Depression & Anxiety - Through a Mother's Eyes

Updated: Jun 28, 2019

Anxiety and depression have plagued me off and on throughout my entire life but I never realized how it would affect me as a mom



In fact, for quite some time I denied that it was affecting me so severely. I had my first child in 2012, my second in 2013, a miscarriage in 2015, a child in 2016, and my fourth, and probably final child in 2018. Am I insane? Possibly? But I love every minute of it. Or at least, almost every minute of it!


"Am I Insane?"


Motherhood is hard, really hard. Living on no sleep, very little alone time, cleaning up, cooking, and everything else that comes with “momming” is a lot for anyone. Multiply it by four kids, a dog, and a bearded dragon. Then add homeschooling, hyperemesis gravidarum, and mental health disorders to the mix. Now you have got a recipe for chaos! When I was offered the opportunity to write about how my poor mental health has affected my parenting, I jumped at it! Following are four of the largest challenges anxiety has caused in parenting and how I am attempting to fight back against them.


The Problem: Anger and Anxiety


Anxiety makes me furious. Even in the midst of an anxiety attack, I still have that sane part of my brain that yells at me how stupid I am. For example, when we are already running late and all of a sudden someone can't find their shoe. My mind begins racing because I hate being late. I start considering all of the things people are going to say when I'm not on time. Anger starts to boil up at me because as that inner voice says, “Why didn't you get their shoes ready last night?' But, like all humans, taking responsibility isn't always the easiest thing for me. Sometimes, rather than accepting the blame, I shift it.


"Rather than accepting the blame, I shift it"


I put it on my kids or my husband for not doing their part and I begin to stomp around the house angrily muttering to myself or even going so far as to tell them they are at fault. Even if the anger stays directed at me, however, I'm not a fun person to be around in that moment.


The Work In Progress: Honesty


Several months ago I sat down with my kids and I explained to them that mommy's brain doesn't work as well as it should. With tears in my eyes I told them how much I love them and how much I hate when I lose my temper. I have also done my best to explain things to my husband. You see, after some inner reflection, I learned that my anger almost always stems from fear. In the above scenario, it's the fear of what others will think. But realizing that what my family thinks is way more important has helped me tremendously.


I can't say I'm perfect in this area. I still lose my temper and may slam a door or raise my voice more than I would like. But each and every time, I go to who I have been unkind to and apologize. I let them know it isn't their fault and Mommy's brain is just being crazy again. I am also working on facing my fears and my husband is helping a lot with this. When I feel myself getting angry, I am trying my best to take a time out to analyze what I'm really thinking. Am I being rational? Most of the time, I'm not. Generally speaking, in fact, I'm pretty irrational at that moment. Who cares if we're five minutes late to a birthday party or a play date? It's not worth getting angry over.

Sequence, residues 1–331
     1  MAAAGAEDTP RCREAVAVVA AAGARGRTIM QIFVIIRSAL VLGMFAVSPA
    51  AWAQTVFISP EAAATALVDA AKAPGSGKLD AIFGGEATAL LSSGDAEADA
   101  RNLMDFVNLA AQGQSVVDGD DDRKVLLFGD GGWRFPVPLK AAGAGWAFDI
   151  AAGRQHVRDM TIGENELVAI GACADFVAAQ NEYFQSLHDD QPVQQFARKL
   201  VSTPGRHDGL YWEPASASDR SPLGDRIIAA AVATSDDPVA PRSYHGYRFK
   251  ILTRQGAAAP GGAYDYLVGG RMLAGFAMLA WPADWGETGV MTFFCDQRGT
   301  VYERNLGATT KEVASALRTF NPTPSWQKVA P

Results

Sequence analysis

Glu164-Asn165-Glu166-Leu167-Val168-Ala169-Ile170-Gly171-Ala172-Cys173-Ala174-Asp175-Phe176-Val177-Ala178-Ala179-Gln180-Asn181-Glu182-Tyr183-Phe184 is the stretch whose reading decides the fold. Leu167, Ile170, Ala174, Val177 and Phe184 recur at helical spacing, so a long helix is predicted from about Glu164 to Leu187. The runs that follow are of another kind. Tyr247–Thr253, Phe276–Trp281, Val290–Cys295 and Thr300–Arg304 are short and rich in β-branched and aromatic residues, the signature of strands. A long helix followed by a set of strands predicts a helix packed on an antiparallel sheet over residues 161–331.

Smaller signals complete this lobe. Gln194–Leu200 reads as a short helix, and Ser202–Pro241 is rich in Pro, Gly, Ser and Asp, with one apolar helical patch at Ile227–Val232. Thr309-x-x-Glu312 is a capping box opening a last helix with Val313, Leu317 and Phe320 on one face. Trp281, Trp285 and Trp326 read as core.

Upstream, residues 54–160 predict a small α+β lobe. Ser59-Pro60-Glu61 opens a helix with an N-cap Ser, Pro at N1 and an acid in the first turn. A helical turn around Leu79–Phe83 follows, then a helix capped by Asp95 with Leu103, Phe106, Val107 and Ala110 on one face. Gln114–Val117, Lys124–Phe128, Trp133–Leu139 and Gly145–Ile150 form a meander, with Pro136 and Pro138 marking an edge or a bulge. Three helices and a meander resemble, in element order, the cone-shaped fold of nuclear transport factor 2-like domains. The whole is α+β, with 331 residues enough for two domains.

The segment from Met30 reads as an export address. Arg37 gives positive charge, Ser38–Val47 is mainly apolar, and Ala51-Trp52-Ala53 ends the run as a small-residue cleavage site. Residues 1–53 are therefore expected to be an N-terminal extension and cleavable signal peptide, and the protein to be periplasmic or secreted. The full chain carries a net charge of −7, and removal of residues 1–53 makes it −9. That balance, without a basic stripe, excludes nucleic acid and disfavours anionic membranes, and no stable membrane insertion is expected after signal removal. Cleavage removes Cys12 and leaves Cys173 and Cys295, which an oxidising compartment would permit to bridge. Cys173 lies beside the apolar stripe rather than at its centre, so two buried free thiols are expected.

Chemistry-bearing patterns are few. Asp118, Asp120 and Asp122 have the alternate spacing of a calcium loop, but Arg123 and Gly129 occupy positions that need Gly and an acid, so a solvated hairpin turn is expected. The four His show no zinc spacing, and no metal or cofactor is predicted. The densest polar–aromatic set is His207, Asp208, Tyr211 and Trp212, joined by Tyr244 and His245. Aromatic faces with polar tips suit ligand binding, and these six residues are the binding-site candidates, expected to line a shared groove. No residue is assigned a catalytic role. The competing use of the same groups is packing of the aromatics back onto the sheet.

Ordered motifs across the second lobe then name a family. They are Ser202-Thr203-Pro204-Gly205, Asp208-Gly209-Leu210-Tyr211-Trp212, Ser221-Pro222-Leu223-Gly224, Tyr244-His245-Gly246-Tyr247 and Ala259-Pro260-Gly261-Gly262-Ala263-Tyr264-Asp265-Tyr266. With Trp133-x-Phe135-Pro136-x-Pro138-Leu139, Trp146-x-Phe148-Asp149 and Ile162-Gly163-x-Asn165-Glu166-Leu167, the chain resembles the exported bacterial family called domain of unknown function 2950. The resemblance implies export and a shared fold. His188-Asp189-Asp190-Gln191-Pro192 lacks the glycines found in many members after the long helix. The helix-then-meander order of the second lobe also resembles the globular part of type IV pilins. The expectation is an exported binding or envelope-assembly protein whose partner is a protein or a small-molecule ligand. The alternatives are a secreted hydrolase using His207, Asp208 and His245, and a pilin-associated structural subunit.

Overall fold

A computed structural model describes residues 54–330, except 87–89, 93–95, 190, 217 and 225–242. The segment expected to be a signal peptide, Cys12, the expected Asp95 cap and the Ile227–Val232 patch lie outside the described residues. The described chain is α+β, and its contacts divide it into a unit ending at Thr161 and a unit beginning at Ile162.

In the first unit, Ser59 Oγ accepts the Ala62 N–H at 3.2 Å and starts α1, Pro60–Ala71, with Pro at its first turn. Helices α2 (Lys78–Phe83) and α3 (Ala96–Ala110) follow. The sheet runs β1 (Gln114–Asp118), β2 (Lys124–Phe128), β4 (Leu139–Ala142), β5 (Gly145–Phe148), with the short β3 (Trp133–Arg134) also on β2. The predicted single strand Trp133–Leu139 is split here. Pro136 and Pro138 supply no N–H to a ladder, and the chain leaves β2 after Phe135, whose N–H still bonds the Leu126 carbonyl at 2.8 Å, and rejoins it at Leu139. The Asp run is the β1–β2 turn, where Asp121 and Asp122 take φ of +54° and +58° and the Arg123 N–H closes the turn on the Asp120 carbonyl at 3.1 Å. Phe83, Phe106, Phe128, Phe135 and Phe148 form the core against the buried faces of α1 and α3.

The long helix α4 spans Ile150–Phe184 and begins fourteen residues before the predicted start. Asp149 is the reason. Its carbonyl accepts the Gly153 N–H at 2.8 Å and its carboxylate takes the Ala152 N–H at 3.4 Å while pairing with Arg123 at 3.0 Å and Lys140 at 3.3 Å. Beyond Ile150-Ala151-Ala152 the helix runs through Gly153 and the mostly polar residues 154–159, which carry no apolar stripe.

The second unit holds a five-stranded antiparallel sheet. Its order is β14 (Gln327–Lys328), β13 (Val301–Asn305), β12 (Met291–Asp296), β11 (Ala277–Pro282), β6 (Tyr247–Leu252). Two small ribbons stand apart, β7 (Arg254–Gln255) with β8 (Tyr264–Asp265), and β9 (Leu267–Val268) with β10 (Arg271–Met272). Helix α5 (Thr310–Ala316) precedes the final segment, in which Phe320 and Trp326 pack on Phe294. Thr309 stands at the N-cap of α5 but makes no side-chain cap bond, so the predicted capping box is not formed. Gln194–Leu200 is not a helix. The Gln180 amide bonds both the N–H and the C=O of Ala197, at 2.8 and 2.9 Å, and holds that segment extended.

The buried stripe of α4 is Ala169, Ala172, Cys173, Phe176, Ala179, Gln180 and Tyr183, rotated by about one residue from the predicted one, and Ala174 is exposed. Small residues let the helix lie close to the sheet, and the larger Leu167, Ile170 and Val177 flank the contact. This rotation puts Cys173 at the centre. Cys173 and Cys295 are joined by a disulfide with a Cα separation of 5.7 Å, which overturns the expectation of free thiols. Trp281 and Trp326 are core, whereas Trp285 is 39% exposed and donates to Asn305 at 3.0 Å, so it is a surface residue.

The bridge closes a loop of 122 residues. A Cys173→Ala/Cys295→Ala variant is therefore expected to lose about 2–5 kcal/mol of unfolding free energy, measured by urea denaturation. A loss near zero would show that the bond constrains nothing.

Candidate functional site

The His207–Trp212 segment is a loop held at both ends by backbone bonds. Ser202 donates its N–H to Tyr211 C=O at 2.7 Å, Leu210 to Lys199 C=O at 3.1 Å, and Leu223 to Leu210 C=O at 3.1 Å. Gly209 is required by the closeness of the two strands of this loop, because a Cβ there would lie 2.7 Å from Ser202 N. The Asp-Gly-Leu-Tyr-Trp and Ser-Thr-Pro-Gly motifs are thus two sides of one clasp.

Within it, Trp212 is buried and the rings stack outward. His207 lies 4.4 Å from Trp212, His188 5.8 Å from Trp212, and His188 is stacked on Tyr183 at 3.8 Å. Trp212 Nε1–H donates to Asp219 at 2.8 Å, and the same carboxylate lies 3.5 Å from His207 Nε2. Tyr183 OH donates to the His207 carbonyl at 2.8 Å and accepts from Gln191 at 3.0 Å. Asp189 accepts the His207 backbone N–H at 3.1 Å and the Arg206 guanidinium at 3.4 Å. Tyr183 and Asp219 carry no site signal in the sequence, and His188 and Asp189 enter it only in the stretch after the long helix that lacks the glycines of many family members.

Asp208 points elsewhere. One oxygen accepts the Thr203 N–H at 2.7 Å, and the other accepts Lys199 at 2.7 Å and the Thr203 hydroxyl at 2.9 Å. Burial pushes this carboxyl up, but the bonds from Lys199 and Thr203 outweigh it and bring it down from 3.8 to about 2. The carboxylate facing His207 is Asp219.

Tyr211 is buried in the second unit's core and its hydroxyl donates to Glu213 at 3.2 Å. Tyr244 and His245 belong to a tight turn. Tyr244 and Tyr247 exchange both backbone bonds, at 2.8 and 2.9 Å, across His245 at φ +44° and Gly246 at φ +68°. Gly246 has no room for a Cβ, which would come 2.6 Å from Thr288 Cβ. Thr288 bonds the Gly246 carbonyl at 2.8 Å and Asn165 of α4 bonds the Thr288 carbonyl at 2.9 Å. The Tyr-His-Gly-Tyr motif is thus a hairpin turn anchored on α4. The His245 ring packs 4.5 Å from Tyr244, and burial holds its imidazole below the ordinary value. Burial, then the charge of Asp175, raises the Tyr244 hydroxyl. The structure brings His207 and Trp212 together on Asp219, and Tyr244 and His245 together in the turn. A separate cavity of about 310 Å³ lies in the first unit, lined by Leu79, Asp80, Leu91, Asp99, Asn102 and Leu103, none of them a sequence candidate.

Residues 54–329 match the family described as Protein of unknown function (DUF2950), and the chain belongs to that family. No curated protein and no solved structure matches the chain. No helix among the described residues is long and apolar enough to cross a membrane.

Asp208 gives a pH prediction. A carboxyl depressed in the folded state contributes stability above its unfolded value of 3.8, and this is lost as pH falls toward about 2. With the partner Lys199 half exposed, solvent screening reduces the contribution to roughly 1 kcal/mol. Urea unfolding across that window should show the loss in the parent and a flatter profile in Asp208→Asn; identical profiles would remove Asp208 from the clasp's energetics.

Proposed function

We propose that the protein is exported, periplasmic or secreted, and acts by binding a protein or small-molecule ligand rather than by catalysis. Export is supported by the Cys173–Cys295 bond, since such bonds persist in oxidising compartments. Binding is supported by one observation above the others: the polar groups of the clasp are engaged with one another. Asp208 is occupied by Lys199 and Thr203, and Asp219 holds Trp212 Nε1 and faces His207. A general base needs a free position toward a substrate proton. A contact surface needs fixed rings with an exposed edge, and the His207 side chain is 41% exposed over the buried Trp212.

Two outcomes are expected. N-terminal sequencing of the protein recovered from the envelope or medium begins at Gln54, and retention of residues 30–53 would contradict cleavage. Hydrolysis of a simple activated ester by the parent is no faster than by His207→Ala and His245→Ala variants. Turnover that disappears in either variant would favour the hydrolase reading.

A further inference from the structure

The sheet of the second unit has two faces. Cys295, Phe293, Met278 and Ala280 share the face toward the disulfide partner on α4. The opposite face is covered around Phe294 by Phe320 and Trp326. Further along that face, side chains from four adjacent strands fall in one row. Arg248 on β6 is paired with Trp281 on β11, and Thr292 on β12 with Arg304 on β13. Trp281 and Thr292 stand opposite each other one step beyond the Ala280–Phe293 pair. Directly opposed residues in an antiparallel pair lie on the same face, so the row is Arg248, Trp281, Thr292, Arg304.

"Mommy's brain is just being crazy again."


The Problem: Depression and Driving


I have had a lot of driving anxiety since before I ever got my learner's permit. But I did manage to get my license and have kept it renewed ever since. What I haven't done since then though is actually drive a car. Yes, I am a 27 year old mom of four in a somewhat rural area and I don't drive. This creates a HUGE issue for our family. My husband has to take most of his days off to transport us to appointments, grocery shopping, etc. Playdates, birthday parties, and even church services are generally declined because I can't get us there safely. This is a huge issue.


But you may be wondering why I titled this section “Depression and Driving” rather than “Driving Anxiety”. The truth is because, while originally anxiety kept me from driving, now I believe depression is more to blame. I say that because of this, I'm no longer afraid to drive. I believe I will never be able to. Driving feels like a hopeless cause, and that is what I attribute to depression.



The Work In Progress: Baby Steps


When I was pregnant with my fourth child I decided enough was enough and that I had to push depression aside and make a decision to learn to drive. It didn't happen then. In fact, it was just about six months ago that I formulated a plan. Rather than going to driving school, I wanted to set my own goals. It started with just sitting in the car and adjusting my mirrors. Then I grew comfortable enough to drive across our bridge to the side of the road. Soon, I was able to drive about half a mile to our local church. This past week, I drove nearly 15 miles from my home to my parents house, with my kids in the back, slightly above the speed limit, and actually wasn't scared to death.